There were many interesting sessions during the day, but the real conversations took place in the lobby, elevators, cafes, bars, and restaurants in the evening. The exchanges were wide-ranging and, at times, a bit heated. The areas that caused the most conflict were cost/benefit of fitness programs and the ever-present specter of mandatory fitness training for all members of the fire service.
First, you need to remember that most of the personnel who attend a conference such as this one are already interested in fitness and keep themselves in reasonable good condition. They firmly believe that all firefighters should maintain themselves in optimal physical condition. Second, the vast majority of the firefighters were union members and fiercely loyal to their firefighter brethren; therefore, they didn’t like decisions being made that could affect anyone’s continued employment. Some people admitted that this dichotomy put them in a very uncomfortable place when it came to mandatory fitness training and standards. Just a side note: I sat in on some of the law enforcement sessions, and those attendees were even more hostile to testing and mandatory standards and, based on my cursory observations of their outward fitness levels, needed them even more.
Talking with firefighters from all over the country was interesting, to say the least. They all fiercely defended the fitness and readiness of their own department while also admitting that less than one-third of their personnel were active in a formal exercise program or in satisfactory, much less optimal condition. I think they had some trouble wrapping their heads around this contradiction, but loyalty to your department is important (as is discretion), so no one pointed it out.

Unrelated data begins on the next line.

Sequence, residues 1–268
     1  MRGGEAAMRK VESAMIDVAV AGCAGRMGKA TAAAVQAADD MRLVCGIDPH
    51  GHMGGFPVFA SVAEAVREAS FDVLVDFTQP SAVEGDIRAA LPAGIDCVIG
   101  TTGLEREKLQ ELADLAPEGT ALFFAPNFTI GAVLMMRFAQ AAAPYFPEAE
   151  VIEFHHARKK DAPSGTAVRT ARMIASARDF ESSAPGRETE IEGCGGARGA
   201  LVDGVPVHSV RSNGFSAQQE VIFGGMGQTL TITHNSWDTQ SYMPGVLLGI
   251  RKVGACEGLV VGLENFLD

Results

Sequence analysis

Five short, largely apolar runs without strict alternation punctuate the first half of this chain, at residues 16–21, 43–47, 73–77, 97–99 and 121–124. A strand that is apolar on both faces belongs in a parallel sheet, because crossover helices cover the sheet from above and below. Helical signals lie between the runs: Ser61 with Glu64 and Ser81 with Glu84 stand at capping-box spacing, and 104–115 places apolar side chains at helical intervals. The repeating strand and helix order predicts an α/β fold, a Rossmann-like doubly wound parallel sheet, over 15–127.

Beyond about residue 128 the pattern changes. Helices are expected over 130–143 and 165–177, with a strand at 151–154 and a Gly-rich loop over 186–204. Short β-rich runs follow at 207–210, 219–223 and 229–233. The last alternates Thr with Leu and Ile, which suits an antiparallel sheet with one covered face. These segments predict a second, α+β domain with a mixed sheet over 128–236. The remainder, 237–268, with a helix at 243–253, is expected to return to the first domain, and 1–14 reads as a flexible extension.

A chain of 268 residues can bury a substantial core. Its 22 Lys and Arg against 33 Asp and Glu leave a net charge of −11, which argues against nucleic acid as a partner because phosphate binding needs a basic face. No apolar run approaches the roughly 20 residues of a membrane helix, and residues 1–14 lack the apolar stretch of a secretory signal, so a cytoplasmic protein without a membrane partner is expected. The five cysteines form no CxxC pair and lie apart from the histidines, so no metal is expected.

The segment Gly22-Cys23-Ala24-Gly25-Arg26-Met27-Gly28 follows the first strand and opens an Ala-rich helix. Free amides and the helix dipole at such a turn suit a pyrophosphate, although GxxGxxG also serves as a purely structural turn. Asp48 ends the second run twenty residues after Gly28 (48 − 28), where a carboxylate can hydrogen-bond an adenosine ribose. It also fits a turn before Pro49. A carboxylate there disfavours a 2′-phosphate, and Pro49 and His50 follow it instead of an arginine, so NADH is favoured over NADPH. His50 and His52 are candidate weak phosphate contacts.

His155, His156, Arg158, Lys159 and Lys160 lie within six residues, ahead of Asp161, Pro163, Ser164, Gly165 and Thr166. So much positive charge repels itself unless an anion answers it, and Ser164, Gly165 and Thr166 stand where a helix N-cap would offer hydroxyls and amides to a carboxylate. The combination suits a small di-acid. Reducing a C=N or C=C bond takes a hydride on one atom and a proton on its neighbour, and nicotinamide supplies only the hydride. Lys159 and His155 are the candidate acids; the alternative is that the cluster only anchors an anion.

I was impressed by the great many firefighters who are dedicated and committed to improving the health, fitness, and well-being of members of the fire service. These people put in a lot of time and effort, much of it off-duty and without pay, in an effort to make their dream of a highly functioning, healthy, and fit fire service a reality.
Something that was obvious was that these men and women had committed themselves to personally being the best firefighters, citizens, and friends they can be. These people lead by example in the hopes that others will follow. Thus far, they have had only limited success, but they are completely undaunted. They continue to lobby their local elected officials for additional resources and their union leaders and fellow firefighters for support.
Sometimes they are successful and sometimes they are not, but they will no doubt keep on trying since, as one speaker said, “…it’s literally a matter of life and death.”
Michael Krueger is an NSCA-certified personal trainer. He got his start in fitness training while serving in the United States Coast Guard. He works with firefighters and others in and around Madison, Wisconsin. He is available to fire departments, civic organizations, and athletic teams for training, consulting, and speaking engagements. He has published numerous articles on fitness, health, and the mind-body connection and was a featured speaker at the IAFC’s FRI 2009 Health Day in Dallas, Texas. E-mail him at MKPTLLC@gmail.com.